How a sickly, uneducated man built one of the largest churches in North America and healed thousands through the intercession of Saint Joseph
Perched above Montreal in Canada, Saint Joseph’s Oratory stands proudly over the horizon. It is a monolith, but a beautiful one, with its famous green copper dome serving as a landmark of the French-Canadian city. It is a church, noticeably so in architecture, and an icon of New World faith and persistence. This isn’t because the Oratory is one of the largest churches in North America, but because it was the work of one of the smallest saints. Saint Andre of Montreal, or Brother Andre as his brothers in the Congregation of Holy Cross lovingly call him, is to thank for this icon of Canadian Catholicism. This is his story.
The making of a brother
Andre was born into a simple family. He was not, by any imagination, a wealthy man. His father was a carpenter who provided for eight children (he had fathered 12, but four had not grown past infancy). At his birth, it seemed as though Andre himself might have a short earthly life. He was born very sickly and given an emergency baptism as he entered the world. Though he lived to be 91, Andre never quite grew out of his sickliness – for the entirety of his life, he was always frail.
As a result of his family’s simple means and his weak health, Andre never grew much in terms of his education. He received schooling from his mother until her death when he was 12, three years after the death of his father. Young, weak, and orphaned, Andre grew in faith and heart, and desired to enter religious life. At first, it seemed as though his lack of education would keep him from a religious vocation. His parish priest intervened, however, sending Andre to the Congregation of Holy Cross with a note that read, “I am sending you a saint.” At the age of 28, Andre made final vows with the Congregation and fulfilled his dream of becoming a brother.
Ite ad Joseph
The Congregation of Holy Cross is primarily an educative order, and so Brother Andre was stationed at a school in Montreal. Due to his lack of education, he was unable to serve as a teacher. Instead, Brother Andre worked as a doorman, keeping clean the entrance of the school, providing hospitality for teachers and students as they entered, and staring out the window to a plot of land opposite the schoolhouse. He dreamed of a day when that land might hold a shrine to Saint Joseph.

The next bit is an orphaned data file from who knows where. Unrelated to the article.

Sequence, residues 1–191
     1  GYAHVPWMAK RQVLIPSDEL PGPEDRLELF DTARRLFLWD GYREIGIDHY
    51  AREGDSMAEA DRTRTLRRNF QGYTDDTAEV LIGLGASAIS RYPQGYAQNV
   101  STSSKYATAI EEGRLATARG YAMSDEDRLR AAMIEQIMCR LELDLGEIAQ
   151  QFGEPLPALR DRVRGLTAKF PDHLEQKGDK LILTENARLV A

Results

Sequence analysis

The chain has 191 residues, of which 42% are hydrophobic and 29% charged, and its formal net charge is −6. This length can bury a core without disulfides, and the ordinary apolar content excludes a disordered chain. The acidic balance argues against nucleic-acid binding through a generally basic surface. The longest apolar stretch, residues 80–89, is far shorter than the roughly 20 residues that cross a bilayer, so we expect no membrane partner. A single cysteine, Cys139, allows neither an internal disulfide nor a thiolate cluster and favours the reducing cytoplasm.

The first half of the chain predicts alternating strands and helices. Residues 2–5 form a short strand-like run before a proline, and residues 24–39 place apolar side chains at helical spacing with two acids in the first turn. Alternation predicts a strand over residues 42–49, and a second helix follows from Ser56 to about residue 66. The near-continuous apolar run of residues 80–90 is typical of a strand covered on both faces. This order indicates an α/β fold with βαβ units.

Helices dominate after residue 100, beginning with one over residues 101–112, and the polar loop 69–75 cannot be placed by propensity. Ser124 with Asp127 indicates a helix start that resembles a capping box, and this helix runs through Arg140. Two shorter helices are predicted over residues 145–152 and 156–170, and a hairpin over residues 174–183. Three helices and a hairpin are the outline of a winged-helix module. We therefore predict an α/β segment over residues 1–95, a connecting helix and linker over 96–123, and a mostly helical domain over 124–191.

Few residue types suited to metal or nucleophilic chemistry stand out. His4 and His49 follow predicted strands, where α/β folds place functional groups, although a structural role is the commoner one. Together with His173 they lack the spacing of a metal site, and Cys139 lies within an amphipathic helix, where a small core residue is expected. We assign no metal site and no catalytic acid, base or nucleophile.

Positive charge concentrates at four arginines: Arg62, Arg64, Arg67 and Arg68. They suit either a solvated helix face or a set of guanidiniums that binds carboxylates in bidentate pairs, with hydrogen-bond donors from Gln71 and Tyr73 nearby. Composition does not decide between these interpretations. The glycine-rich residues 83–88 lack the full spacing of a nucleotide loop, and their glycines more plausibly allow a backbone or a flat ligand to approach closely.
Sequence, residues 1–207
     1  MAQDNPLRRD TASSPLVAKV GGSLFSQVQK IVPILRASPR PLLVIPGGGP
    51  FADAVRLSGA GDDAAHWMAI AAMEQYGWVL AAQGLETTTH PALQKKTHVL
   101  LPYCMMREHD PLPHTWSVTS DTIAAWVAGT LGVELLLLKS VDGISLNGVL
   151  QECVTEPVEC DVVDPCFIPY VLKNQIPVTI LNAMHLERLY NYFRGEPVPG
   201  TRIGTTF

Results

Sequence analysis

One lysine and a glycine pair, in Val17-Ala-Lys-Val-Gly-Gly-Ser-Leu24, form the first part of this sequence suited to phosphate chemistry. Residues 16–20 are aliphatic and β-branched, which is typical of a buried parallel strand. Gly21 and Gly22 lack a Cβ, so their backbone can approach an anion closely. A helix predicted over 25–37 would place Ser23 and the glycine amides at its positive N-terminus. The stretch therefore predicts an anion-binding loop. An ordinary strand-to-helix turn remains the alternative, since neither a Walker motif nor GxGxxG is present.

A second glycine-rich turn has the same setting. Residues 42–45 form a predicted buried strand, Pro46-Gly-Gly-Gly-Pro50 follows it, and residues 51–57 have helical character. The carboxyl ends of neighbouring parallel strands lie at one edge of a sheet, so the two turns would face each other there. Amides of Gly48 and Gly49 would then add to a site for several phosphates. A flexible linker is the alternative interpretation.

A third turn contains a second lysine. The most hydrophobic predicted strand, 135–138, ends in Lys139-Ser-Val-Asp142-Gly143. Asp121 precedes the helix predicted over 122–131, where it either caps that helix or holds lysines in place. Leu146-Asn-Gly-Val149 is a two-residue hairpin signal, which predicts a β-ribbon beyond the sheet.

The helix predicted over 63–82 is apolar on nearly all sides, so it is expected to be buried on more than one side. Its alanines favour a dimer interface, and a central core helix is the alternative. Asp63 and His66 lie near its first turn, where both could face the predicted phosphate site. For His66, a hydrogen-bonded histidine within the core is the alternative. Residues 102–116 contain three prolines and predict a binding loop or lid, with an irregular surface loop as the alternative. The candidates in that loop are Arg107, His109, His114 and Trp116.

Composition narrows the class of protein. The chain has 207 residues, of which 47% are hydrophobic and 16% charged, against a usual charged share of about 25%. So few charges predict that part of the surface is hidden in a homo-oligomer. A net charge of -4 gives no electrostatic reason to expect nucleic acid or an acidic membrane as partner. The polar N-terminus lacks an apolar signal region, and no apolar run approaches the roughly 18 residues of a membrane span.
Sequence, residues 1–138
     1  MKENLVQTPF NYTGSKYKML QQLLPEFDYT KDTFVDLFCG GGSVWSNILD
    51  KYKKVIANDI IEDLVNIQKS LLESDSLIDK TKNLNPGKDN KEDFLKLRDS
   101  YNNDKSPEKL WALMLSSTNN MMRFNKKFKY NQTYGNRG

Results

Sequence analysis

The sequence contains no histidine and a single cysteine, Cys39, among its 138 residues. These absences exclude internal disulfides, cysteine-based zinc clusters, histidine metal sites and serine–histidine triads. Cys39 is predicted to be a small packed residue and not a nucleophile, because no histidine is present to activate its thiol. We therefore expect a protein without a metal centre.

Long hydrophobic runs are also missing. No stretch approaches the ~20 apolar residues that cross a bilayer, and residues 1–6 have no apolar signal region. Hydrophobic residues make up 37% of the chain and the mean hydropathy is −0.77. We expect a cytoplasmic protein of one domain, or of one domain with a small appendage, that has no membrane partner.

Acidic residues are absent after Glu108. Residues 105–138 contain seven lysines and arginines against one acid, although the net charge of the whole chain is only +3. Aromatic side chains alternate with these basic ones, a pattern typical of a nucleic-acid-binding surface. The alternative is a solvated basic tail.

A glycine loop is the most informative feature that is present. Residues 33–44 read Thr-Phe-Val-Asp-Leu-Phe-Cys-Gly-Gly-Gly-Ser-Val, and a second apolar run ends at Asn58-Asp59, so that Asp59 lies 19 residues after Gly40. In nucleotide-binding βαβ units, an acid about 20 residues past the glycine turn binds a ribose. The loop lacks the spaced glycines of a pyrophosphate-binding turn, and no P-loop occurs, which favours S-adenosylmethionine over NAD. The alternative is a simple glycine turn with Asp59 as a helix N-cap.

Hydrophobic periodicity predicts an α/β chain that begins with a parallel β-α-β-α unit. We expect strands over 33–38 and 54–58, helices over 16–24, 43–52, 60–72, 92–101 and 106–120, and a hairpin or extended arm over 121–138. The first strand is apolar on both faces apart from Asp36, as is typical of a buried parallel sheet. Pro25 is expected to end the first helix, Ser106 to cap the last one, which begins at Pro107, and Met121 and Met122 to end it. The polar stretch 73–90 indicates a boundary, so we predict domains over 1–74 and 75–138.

Brother Andre dreamed this because he held a very special love for the earthly father of Jesus, and also because he believed Saint Joseph did not receive enough recognition or veneration. To Brother Andre, Saint Joseph was an icon of masculinity, courage, and love for the son of God. However, it seemed that veneration was only ever shown to two members of the Holy Family. Brother Andre hoped to expand recognition to include the husband of Mary and the foster father of Jesus.
Eventually, Brother Andre convinced the provincial to buy the land opposite the school, where he was permitted to build a small chapel in honor of St. Joseph. That chapel wasn’t enough for Brother Andre, however. It only had space enough for a handful of people. So, Brother Andre began fundraising for a massive church – a shrine which would become the largest church in North America at the time of its completion. In 1924, the St. Joseph’s Oratory was completed, and thousands of pilgrims began to come annually to venerate Saint Joseph and seek his intercession. They came also to meet with Brother Andre – for the doorkeeper had created quite a commotion with a reputation as a miracle man.
The ministry of miracles
It began small, with his ministry as a doorkeeper. As Brother Andre would interact with the students and teachers, he learned about their problems: illnesses, worries, family stresses. He would pray for them, and instruct them to seek the intercession of Saint Joseph. Slowly, people began to realize that, when Brother Andre prayed for a person in need and directed them to Saint Joseph, they got better. Word spread, and more and more people began to seek out Brother Andre and the miracles that followed him. As a result, Brother Andre’s superior allowed him to hold “office hours,” times when the faithful in need could visit Brother Andre at the Oratory and ask for his prayers and advice. To this day, St. Joseph’s Oratory displays the hundreds of crutches left by those healed through the intercession of Brother Andre and Saint Joseph.
Saint Andre of Montreal
When Brother Andre died at the age of 91, more than a million people flocked to St. Joseph’s Oratory to pay their respects. The miracle man of Montreal was so beloved that these men, women, and children braved Canadian winter weather for hours simply to spend some final moments with the body of the saint. His remains were placed permanently in the Lower Basilica of the Oratory, so that pilgrims can pay their respects and seek his intercession to this day. Beatified by St. John Paul II in 1982, and canonized by Pope Benedict XVI in 2010, Brother Andre became the first canonized saint in the Congregation of Holy Cross.
Perhaps what is most beautiful about Saint Andre’s story is his incredible humility. The simple man sought his ministry not for himself, but for his love for Saint Joseph. It was by the path of his inspiring veneration of Jesus’ father on earth that Christ chose to raise Andre to the altars. As a result, Brother Andre encourages us to this day to “Ite ad Joseph” – Go to Joseph.